Art & Entertainment | Book Reviews | Education | Entertainment Video | Health | Lifestyle | Sport | Sport Video | Search


Fatu Feu’u awarded 2002 Cook Islands residency

17 June 2002

Fatu Feu’u awarded 2002 Cook Islands residency by Pacific Arts Committee

The recipient of the 2002 Cook Islands Artist’s Residency, awarded by the Pacific Arts Committee of Creative New Zealand, is Fatu Feu’u. One of New Zealand’s best-known Pacific artists, Feu’u has lived in Auckland since he came to New Zealand from Samoa in 1966 and has been a practising artist since 1983.

Feu’u says that although he has travelled extensively in the Pacific, this will be the first time he has visited the Cook Islands. During the three-month residency from June to September, he aims to create a body of new work for a show at the Henderson Gallery in Auckland in late 2002.

“I am very excited about the residency because I want to explore the traditional elements of tattoo, tapa and carvings of the Cook Islands, comparing them with other symbols and patterns of the Pacific,” he says.

He’ll be meeting with elders and with local artists such as master carver Michael Tavioni and painter Mahiriki Tangaroa, and also doing workshops with young emerging artists and school children in the Cook Islands community.

Marilyn Kohlhase, Chair of the Pacific Arts Committee, says Fatu Feu’u has always been extremely generous in sharing his skills with other artists.

“He puts a lot of energy into mentoring emerging artists and helping them develop their careers,” she says. “This residency not only provides Fatu with an opportunity to work in the Cook Islands community but also gives him the chance to explore symbols and icons particular to the Cook Islands. I know he will be an excellent ambassador of New Zealand.”

Throughout his career, Feu’u has been committed to fa’asamoa (Samoan culture and beliefs). In Sean Mallon and Pandora Fulimalo Pereira’s book, Speaking In Colour, he says: “The best thing my mother told me was, ‘You are not going to get any money because we have not got any money. But we are very rich. You know why? We are very rich with our art and our culture’. Now, whenever I paint I feel I’m doing it not just for myself, not just for my family, but for my people, my culture.”

His paintings feature the motifs and symbolism of Pacific masks, pottery, Samoan tatau and siapo (traditional Samoan tatto and printed barkcloth). He mentors emerging Pacific artists and in 1995, he founded the Tautai Contemporary Pacific Arts Trust in Auckland.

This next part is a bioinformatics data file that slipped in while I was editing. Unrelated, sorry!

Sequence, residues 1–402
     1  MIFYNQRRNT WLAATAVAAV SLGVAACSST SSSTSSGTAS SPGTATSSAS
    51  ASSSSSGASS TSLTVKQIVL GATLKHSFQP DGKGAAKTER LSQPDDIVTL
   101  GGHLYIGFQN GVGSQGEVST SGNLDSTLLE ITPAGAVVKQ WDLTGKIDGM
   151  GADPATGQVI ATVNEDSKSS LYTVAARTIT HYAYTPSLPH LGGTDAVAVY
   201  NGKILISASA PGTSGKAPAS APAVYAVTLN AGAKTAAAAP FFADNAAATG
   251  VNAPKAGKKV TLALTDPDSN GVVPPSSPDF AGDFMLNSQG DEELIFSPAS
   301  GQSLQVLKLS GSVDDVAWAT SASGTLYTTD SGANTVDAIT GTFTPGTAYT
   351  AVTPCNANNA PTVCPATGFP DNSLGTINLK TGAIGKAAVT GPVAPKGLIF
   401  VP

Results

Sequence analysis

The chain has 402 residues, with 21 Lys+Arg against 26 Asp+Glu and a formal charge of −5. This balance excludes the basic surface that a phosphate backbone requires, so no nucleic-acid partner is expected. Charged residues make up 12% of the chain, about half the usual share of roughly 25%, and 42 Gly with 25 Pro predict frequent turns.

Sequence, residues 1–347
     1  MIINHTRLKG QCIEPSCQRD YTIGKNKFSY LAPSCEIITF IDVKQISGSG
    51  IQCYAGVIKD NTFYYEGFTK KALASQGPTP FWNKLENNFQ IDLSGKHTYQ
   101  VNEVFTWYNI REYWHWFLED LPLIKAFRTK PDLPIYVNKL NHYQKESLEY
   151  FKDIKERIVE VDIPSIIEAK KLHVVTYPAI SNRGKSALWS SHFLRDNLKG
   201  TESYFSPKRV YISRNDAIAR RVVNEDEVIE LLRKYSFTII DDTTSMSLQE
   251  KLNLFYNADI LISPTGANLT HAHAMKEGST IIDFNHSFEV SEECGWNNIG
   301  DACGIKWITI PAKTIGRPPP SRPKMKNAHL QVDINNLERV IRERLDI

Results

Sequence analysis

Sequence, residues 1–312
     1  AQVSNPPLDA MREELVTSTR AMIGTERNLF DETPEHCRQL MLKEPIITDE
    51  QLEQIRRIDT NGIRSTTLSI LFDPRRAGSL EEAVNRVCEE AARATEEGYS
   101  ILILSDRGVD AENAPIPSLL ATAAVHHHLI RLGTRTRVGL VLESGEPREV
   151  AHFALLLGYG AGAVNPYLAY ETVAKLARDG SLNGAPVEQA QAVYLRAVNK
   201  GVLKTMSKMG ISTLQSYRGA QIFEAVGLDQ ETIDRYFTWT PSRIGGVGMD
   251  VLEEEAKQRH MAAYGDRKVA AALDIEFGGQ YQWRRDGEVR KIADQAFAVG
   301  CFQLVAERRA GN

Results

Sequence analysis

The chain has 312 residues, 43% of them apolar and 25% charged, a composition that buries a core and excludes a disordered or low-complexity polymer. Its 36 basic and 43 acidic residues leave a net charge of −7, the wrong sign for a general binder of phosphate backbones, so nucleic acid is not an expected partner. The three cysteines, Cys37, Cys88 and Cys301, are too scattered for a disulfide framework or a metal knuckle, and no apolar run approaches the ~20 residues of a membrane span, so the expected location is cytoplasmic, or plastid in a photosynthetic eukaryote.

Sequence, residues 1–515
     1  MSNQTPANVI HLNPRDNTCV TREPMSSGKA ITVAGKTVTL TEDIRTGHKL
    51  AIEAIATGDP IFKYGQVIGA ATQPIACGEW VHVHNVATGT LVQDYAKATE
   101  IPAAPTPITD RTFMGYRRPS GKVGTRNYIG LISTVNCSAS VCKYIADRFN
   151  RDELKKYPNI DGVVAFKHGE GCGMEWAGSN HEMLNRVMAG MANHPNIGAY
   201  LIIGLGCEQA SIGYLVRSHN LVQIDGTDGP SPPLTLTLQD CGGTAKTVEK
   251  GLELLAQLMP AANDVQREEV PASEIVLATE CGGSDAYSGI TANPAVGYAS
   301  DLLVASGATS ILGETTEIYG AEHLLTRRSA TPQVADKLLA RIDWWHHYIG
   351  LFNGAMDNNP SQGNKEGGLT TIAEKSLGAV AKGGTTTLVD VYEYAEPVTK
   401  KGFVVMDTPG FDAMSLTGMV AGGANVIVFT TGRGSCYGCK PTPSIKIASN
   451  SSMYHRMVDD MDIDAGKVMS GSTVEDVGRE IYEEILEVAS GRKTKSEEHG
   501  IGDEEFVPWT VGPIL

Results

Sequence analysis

Feu’u remained the Chair of the Tautai Trust until 2000 when it received annual funding from Creative New Zealand for the first time and was placed on a more professional footing.

“I founded the Trust because there were a lot of young people who needed career direction, mentoring and opportunities to show their work,” he says. “Now, as the Trust’s patron, there’s still a lot of work and phone calls from young people. But it keeps me going.”

Feu’u says there were two important people in his art career – his mother and the late artist Tony Fomison. “They both said to me that you have to take your family and friends with you, helping them along as you progress in your career. It’s about giving something back to your culture and to other artists.”

The Cook Islands Artist’s Residency is open to all visual artists of Pacific Islands heritage living, working and exhibiting in New Zealand. Last year’s inaugural residency was awarded to Auckland new media artist Veronica Vaevae.

The Pacific Arts Committee administers the residency, covers the costs of the airfares and materials, and provides a $3000 a month stipend. The Cook Islands Ministry of Cultural Development provides accommodation, studio space and other support while the artist is in the Cook Islands.


© Scoop Media

Culture Headlines | Health Headlines | Education Headlines

Legendary Bassist David Friesen Plays Wellington’s Newest Jazz Venue

Friesen is touring New Zealand to promote his latest album Another Time, Another Place, recorded live at Auckland's Creative Jazz Club in 2015. More>>

Howard Davis Review: The Father - Descending Into The Depths of Dementia

Florian Zeller's dazzling drama The Father explores the effects of a deeply unsettling illness that affects 62,000 Kiwis, a number expected to grow to 102,000 by 2030. More>>

Howard Davis Review: Blade Runner Redivivus

When Ridley Scott's innovative, neo-noir, sci-fi flick Blade Runner was originally released in 1982, at a cost of over $45 million, it was a commercial bomb. More>>

14-21 October: New Zealand Improv Festival In Wellington

Imagined curses, Shibuya’s traffic, the apocalypse, and motherhood have little in common, but all these and more serve as inspiration for the eclectic improvised offerings coming to BATS Theatre this October for the annual New Zealand Improv Festival. More>>


Bird Of The Year Off To A Flying Start

The competition asks New Zealanders to vote for their favourite bird in the hopes of raising awareness of the threats they face. More>>

Scoop Review Of Books:
Jenny Abrahamson's John & Charles Enys: Castle Hill Runholders, 1864-1891

This volume will be of interest to a range of readers interested in the South Island high country, New Zealand’s natural environment, and the history of science. More>>